The Russian military might have yet another pistol on its shopping list for 2019.
Over the past 30 years, the Russian army has experimented with developing and fielding a wide variety of pistols to replace the geriatric and downright obsolete Makarov PM, which first entered service in the 1950s and has soldiered on without any major update through the years.
In 2003, the Makarov’s first successor, the MP-443 Grach (or PYa) appeared after a 10-year development and testing period.
Since then, it has served as the de facto sidearm of the Russian army — though not necessarily the improvement Russian infantrymen were looking for in a pistol.
Reliability concerns with the PYa have prompted the military to begin their pistol acquisition process anew, while continuing to issue both the PYa and the Makarov until a more long-term solution can be built.
Rostec, the massive state-owned aerospace, defense and technology conglomerate, put forward one design in the form of the Udav, a Double Action Only offering, just last year through its TSNIITOCHMASH corporation.
Now, everybody’s favorite rifle manufacturer, Kalashnikov Concern, has thrown its hat into the ring with a pistol of its own — the PL-15.
Essentially the same size as Glock 19, the PL-15 is a further development of a gun Kalashnikov has been working on for years, having first introduced a prototype in 2015.
The PL-15, like its Glock counterpart, is chambered for 9x19 mm Luger, popular in the west. but mostly unheard of in conventional Russian military units.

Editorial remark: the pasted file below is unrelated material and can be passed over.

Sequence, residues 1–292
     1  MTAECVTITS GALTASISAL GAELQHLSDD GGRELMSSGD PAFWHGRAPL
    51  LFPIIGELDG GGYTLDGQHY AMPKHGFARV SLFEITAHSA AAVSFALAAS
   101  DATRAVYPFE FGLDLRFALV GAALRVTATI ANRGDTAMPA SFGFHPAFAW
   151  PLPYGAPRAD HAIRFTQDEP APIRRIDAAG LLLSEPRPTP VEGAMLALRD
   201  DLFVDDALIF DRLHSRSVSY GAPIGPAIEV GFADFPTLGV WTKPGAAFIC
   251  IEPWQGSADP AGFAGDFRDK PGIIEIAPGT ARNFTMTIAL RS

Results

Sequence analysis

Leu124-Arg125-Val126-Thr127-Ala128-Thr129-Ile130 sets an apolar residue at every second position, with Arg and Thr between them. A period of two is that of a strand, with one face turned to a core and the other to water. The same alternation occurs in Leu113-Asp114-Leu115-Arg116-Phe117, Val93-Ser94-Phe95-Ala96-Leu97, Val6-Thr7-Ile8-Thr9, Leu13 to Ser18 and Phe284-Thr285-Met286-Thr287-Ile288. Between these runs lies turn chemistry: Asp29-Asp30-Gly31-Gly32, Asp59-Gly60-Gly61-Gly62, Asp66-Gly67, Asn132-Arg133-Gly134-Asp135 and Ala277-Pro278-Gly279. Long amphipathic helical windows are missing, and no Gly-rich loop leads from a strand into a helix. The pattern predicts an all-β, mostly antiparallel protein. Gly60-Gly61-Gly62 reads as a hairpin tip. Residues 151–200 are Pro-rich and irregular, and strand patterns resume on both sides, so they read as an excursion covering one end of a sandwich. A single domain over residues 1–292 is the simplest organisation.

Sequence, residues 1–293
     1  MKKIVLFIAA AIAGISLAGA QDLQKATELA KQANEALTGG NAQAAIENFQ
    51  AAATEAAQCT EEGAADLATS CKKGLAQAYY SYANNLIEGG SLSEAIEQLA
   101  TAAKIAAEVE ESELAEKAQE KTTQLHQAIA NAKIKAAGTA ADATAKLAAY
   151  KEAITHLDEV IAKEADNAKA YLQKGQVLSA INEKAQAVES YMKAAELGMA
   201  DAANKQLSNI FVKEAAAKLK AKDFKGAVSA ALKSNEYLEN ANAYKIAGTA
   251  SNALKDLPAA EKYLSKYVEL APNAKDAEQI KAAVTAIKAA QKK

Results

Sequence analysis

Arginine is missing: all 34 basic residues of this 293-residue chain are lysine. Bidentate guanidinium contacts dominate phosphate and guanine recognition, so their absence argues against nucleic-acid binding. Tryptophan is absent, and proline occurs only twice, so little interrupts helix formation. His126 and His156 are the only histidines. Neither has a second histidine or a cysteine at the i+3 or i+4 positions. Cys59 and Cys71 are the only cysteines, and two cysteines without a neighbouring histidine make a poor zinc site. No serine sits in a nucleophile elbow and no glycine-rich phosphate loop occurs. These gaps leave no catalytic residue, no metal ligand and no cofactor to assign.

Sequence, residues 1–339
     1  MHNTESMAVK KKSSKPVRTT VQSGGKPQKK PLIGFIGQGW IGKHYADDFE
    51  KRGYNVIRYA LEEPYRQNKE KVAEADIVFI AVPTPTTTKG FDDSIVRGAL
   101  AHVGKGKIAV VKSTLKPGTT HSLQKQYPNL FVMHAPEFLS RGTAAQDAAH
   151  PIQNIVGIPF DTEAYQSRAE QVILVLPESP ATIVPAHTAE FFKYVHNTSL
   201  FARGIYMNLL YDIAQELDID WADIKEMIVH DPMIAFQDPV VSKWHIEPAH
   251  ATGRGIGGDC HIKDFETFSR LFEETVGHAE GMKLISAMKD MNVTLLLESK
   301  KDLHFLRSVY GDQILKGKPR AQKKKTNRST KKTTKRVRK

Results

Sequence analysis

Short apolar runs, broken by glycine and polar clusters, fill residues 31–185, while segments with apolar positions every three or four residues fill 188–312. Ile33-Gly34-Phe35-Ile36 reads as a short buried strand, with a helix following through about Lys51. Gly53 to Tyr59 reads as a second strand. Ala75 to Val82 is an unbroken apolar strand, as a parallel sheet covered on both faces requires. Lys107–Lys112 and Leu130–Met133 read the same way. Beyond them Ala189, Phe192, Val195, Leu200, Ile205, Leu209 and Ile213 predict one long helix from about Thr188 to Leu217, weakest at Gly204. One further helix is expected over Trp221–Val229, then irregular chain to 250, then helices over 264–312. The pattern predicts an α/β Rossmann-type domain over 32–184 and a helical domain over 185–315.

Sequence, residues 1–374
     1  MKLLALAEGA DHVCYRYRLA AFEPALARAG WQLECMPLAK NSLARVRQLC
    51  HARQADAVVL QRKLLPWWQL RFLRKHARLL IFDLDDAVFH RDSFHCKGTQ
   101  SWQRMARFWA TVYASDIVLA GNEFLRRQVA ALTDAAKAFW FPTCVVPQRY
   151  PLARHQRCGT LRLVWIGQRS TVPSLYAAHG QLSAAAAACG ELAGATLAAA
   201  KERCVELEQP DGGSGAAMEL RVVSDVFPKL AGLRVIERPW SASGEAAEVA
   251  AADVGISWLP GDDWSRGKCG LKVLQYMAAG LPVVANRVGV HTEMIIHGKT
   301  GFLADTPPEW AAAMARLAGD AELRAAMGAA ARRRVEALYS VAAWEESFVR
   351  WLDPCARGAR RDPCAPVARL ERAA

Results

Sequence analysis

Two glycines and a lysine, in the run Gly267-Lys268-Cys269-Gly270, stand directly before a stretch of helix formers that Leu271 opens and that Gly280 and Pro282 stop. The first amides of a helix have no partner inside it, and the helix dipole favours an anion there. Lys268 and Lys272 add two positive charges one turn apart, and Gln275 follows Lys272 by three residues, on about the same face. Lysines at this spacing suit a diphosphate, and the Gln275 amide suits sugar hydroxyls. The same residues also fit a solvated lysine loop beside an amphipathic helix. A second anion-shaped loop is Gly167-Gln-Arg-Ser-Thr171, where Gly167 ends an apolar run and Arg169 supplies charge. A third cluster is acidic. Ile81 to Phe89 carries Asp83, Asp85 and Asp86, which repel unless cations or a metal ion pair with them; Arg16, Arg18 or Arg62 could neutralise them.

The PL-15 comes in two major frames — the regular -15 and the compact -15K — both of which use a locking system similar to that found in the Browning Hi Power handgun.
The recognizable and generic layout of the pistol allows for a fairly easy learning curve for the end user. All PL-15s are built with ambidextrous magazine releases, slide locks and manual safeties.
The -15 uses a 4.4 inch barrel, while the more concealable -15K comes with a shorter 3.2 inch barrel. Both frames have an under-barrel rail for a clip-on laser or a flashlight, and both guns use dovetailed iron sights. If necessary, both barrels can be acquired in threaded form, allowing for the use of a suppressor.
Kalashnikov expects to begin mass-producing the PL-15 later this year.
Since the company is owned by Rostec, it’s possible that it might take a back seat to the Udav for the time being, with regards to marketing the weapon to the Russian military.
However, the PL-15 could find itself being picked up earlier on by law enforcement and VIP protection units, before the Army considers it as an alternative or a full-on replacement for the PYa and the Makarov.